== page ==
What is state failure? See my conceptualisation of state failure on the right flank below.

Thursday, September 27, 2007

The spillover of flour, tomatoes and basically anything edible

The MStFB Spillover Monitor Report Series No. 12
IPS News has a very interesting article on a spill-over effect of the fighting in southern and eastern Afghanistan. There is a general food shortage in the area, and whatever that is going there goes there from Pakistan, no surprise: from the tribal frontier areas. The Pakistani flour industry is happy to capitalise on this, as the latter couple of years were not very good for them. That is an industry behind which there is a class of 350 flourmill owners, and they wouldn't miss out on the opportunity that the current difference in the price of a kilogram of flour between Pakistan and Afghanistan offers. The same goes for those in the poultry business. And those trading in rice. And in tomatoes. Anything edible, you name it.
The result in Pakistan is a price hike of all these consumer goods, mostly in the northwestern areas. That means the price difference is melting somewhat, but of course it may not melt away completely. And the problem is that together with the price difference diminishing, the difference in the availability of food is also diminishing (the former a symptom of the latter).
Now, back whenever the diverse and rather fragmented company of armed Afghan men, forced under the Taliban's umbrella in careless analysis at times, was busy attacking World Food Programme convoys, for example along the southern part of the Afghan highway ring, some people were speculating that their main aim was causing resentment as much as possible, which would then work against ISAF indirectly. But what I'm citing above tells me that they are more likely in fact just protecting informal trade, or more exactly are working to make it profitable, one possibility being that they themselves profit from it, too (the other is that they are just robbing stuff opportunistically, especially given the incentive of the food shortage for doing that). Resentment against ISAF is the cream on the cake for them if they are interested in it at all (and not the cake itself). That view seems to be held by e.g. Rick Corsino (WFP-Afghanistan), too, who says here that "My own view is that the attackers are primarily thieves more than those with political motivations."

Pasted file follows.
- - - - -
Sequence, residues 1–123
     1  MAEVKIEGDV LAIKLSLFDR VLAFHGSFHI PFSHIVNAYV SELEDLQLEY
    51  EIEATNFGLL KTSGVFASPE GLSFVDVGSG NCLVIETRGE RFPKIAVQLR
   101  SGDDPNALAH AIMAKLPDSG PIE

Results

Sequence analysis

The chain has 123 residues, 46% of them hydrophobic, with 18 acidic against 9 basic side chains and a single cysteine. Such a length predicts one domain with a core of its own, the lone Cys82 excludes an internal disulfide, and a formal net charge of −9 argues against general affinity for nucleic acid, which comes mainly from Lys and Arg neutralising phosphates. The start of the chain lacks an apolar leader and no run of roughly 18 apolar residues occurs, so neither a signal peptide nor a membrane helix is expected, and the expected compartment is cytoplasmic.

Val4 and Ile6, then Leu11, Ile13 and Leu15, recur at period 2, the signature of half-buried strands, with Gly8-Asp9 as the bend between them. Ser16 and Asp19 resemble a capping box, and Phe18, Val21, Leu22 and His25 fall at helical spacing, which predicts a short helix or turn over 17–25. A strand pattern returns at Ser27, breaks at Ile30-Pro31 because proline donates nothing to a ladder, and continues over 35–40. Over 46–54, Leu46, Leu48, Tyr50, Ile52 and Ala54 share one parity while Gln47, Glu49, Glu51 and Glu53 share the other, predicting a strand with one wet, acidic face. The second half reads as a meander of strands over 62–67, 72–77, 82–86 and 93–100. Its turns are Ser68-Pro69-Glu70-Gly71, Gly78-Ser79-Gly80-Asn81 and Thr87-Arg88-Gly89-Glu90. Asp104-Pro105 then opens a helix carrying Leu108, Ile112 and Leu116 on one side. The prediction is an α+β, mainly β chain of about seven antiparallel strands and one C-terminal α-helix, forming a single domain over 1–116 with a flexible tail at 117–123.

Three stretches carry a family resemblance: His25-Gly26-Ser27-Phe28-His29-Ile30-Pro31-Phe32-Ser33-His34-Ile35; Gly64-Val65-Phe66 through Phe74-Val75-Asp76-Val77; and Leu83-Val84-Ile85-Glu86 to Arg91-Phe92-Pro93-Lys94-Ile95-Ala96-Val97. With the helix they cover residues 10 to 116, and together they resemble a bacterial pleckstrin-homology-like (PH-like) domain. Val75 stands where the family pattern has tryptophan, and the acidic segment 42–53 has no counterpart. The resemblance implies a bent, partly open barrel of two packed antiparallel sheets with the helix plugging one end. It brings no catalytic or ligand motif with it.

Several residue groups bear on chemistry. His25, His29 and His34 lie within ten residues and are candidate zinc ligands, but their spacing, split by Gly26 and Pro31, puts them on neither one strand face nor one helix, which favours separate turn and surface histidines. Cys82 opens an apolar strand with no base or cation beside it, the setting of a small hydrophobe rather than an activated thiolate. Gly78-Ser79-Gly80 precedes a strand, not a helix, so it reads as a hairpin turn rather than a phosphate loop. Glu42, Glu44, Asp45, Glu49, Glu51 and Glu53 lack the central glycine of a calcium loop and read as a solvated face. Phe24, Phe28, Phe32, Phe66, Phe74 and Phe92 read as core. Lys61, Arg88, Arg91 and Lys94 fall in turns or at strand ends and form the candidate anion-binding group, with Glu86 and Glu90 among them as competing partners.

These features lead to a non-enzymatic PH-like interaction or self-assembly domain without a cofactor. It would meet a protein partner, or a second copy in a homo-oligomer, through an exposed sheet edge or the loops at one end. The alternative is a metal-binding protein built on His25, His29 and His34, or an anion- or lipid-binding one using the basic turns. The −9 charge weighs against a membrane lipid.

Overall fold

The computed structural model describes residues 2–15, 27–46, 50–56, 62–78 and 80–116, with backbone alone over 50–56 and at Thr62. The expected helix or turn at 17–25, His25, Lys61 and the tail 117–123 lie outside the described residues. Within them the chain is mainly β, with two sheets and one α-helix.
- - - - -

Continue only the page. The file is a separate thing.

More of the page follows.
Getting back to the impact of all this, IPS' Ashfaq Yusufzai reports: " Even fruits, which used to be imported by Pakistan from Afghanistan till 1990, are now brought in clandestinely from Pakistan. "The price of grapes, pomegranates, oranges, mangoes, apples and bananas besides all kinds of vegetables has increased because of smuggling," said a vegetable dealer (in Pakistan - P.M.). "
Another good IPS piece discusses more generally the informal trade as such. The official volume of trade between Pakistan and Afghanistan is below two billion dollars, while it is estimated that informally it is rather around ten billion. Official trade figures reckon with the export of edibles as worth 397.393 million dollars, and that itself is of course an estimate reality exceeds. Part of all the informal trade has to do with the Afghan Transit Trade Agreement (ATTA), which exempts goods imported by Afghanistan via Pakistani ports from customs duties. That arrangement is supposed to protect Afghanistan's rights as a landlocked country in the UN system (originates from 1965), and its result is that it generates a lot of smuggling. Goods imported to Afghanistan the official way come out the informal way. That's adventurous (checkpoints and informal "duties" along the way) but profitable, apparently. Tolerating this gravitates a lot of money into officials' pockets both in Afghansitan and in Pakistan. And tolerating the scheme is also a way for Pakistan to subsidise Pashtun areas on both sides of the border. It provides an opportunity for the masses of Afghan refugees living in Pakistan, too, who have adopted more and more transnational lives as a result of the last couple of decades' historical twists.

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